DUBAI: Upon entering Dubai’s latest Greek restaurant OPA at the Fairmont Hotel, diners are transported from the concrete jungle to a lavish, plant-filled lobby with a tree growing right in the center of the room, before moving into the dining area that’s been made to look like a traditional Greek establishment, with white-painted walls and light blue linings.

OPA offers a range of traditional Greek dishes and treats, many of which are similar to those found in most Mediterranean cuisines, but with a fancier touch.
Before we even sat down at our round, saloon-style couched table, loud (like, loud!) Greek music burst from the speakers as the waiters, dressed in chiton and peplos — traditional Greek clothing — gathered around and began dancing across the restaurant, inviting guests to join the fun and be a part of the unique experience. White, clay plates were passed to every table and diners were encouraged to smash them on the floor. More people were willing to get involved in the latter. Who knew the dining experience would come with an anger-management class?
First up was a trifecta of spicy feta, tzatziki and tarama dips coupled with seasoned and toasted triangular pita bread. While the tarama dip was fishier than others I’ve tasted, the spicy feta and tzatziki dips were lick-the-bowl-clean good. After came a chunky and refreshing Greek salad (because why not) and a black truffle tuna tartare that hit the spot both taste-wise and texturally, as the velvety softness of the raw fish worked well with the crispy koulouri.

The hot appetizers rolled in later — grilled octopus, prawns saganaki, and grilled Cypriot halloumi. While the grilled octopus offered little to differentiate it from other restaurant offerings, the saganaki offered a twist to the traditional flaming saganaki, with its feta cheese and roasted peppers-infused spicy tomato sauce. The halloumi was on another level — the sweetness of the grilled fig and grape dressing went hand in hand with the saltiness of the cheese, making it a pleasant surprise to the taste buds.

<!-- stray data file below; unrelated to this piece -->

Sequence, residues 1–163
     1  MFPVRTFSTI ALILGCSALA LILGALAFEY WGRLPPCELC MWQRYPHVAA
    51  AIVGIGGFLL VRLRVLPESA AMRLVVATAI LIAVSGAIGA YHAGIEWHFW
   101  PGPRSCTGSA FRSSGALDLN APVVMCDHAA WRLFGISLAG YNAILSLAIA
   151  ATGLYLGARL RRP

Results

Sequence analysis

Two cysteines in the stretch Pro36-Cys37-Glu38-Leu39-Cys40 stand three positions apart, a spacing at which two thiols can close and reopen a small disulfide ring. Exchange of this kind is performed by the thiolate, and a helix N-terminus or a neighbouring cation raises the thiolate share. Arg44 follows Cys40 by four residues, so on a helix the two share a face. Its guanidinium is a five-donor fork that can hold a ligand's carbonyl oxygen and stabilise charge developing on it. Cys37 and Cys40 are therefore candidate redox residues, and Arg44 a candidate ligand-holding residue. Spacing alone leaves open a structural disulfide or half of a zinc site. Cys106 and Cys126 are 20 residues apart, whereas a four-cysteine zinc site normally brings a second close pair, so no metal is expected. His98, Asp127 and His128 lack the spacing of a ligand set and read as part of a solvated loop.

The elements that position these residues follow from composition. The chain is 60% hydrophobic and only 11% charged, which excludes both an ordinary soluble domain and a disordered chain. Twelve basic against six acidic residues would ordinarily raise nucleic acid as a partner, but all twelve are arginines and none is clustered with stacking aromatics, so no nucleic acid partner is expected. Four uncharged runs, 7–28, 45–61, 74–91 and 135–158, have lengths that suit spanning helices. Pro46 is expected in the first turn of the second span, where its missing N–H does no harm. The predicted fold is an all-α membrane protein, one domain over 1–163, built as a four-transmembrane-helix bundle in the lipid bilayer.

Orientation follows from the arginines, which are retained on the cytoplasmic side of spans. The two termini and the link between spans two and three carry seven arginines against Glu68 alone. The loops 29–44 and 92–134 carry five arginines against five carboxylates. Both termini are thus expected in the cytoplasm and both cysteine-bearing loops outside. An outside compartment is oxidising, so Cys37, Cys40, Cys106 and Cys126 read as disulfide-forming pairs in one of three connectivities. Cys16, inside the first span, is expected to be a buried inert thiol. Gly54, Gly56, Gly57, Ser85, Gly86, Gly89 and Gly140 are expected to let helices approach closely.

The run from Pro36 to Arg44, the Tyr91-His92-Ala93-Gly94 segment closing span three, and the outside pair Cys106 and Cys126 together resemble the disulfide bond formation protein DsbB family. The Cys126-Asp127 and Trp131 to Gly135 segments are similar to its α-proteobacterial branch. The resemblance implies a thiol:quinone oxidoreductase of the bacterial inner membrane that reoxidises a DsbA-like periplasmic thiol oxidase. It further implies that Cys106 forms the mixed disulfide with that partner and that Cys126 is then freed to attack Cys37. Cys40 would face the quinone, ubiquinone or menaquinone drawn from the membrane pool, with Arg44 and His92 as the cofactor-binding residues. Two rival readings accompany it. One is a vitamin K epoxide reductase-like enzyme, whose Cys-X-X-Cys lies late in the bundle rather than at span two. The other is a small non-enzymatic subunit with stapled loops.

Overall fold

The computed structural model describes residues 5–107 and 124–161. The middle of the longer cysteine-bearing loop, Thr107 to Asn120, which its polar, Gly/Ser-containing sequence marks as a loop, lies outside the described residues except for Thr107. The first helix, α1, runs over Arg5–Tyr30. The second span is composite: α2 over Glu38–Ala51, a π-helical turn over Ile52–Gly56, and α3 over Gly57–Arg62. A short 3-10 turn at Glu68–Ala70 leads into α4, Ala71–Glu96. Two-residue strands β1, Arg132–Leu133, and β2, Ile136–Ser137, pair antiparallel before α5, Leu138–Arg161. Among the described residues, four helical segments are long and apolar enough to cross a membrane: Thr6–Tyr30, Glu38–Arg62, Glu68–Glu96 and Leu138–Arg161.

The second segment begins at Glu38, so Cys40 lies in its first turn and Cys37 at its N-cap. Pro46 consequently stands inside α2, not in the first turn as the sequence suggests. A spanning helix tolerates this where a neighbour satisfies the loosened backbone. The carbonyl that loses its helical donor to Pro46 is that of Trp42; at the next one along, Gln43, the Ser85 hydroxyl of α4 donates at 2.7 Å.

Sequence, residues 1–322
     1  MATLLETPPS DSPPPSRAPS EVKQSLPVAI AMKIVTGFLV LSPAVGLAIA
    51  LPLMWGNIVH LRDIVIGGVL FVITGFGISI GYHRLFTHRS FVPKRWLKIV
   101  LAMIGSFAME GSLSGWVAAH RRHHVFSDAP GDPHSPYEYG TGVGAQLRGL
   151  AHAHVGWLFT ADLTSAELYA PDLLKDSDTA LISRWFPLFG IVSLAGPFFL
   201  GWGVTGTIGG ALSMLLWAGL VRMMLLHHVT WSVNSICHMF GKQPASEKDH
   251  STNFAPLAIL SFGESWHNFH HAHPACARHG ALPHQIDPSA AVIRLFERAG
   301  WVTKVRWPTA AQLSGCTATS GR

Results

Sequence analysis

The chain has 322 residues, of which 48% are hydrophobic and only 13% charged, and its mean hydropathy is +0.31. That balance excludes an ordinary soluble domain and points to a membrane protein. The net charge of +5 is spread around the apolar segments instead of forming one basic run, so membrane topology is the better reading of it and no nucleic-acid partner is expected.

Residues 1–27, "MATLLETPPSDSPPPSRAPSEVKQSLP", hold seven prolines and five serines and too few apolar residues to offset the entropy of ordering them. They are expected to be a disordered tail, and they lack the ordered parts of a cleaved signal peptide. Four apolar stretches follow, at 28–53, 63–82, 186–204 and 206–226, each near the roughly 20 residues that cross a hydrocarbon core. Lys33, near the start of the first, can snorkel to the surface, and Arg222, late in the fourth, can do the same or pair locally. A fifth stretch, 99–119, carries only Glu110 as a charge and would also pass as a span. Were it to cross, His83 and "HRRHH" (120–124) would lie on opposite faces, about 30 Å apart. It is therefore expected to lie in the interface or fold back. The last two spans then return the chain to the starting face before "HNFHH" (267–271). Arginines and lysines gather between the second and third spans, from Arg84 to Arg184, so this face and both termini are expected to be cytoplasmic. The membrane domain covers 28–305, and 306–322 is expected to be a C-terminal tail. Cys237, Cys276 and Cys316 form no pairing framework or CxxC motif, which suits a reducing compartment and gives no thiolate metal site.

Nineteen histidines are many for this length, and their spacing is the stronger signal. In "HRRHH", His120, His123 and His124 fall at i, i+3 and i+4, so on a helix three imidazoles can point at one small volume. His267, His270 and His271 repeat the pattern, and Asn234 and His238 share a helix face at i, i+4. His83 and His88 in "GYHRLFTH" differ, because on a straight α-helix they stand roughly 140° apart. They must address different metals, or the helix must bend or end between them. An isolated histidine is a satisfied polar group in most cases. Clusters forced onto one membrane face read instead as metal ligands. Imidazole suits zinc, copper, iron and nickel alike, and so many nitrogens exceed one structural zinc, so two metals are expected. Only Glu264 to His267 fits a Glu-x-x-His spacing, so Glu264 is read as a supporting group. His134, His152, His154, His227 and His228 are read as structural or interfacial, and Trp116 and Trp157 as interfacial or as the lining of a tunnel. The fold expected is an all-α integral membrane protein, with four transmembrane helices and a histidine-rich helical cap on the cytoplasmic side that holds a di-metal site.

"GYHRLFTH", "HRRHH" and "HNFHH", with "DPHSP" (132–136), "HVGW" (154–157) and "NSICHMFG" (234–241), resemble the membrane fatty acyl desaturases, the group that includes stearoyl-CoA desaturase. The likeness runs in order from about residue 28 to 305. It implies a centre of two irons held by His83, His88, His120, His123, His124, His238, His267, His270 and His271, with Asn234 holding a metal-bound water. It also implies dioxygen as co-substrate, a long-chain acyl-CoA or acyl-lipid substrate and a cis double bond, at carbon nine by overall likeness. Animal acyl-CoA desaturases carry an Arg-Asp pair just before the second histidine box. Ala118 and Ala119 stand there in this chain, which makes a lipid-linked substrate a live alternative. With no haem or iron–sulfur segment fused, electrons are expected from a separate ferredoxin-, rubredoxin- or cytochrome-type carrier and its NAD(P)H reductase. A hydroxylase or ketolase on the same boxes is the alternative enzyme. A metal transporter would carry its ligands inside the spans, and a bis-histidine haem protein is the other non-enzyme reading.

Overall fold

The mains began with three lamb chops served with pickled cucumbers and tzatziki, a hearty and rich dish that will have you sucking at the bone just to get more of the lamb flavor. Next up was the lobster orzo “risotto” (according to the menu), a grilled half-lobster marinated with seaweed butter laying on a bed of orzo mixed with tomato sauce. While the dish sounded extravagantly rich, it was actually rather flat — the flavors never really reached their full potential: the sauce was a tad bland and the lobster-to-orzo ratio leaned heavily on the orzo.

For dessert, we were served the OPA baklava sundae, a large crispy filo cup stuffed with pistachio cream, caramel and Greek yoghurt ice-cream, pieces of baklava and topped with crumbled pistachios and caramel sauce. It resembled a massive Turkish cupcake, and was enough for a table of four hungry diners. If you’re skilled enough to dig through from the top to the bottom and manage to balance all its components without having one fall, then you’re in for an exciting mouthful.

All in all, OPA is well worth a visit. Whether you’re in a group celebrating a birthday, a couple going out on a date or even going solo to reward yourself for surviving yet another hectic work week, take a step into Greece and away from Dubai’s tall towers and traffic-filled roads.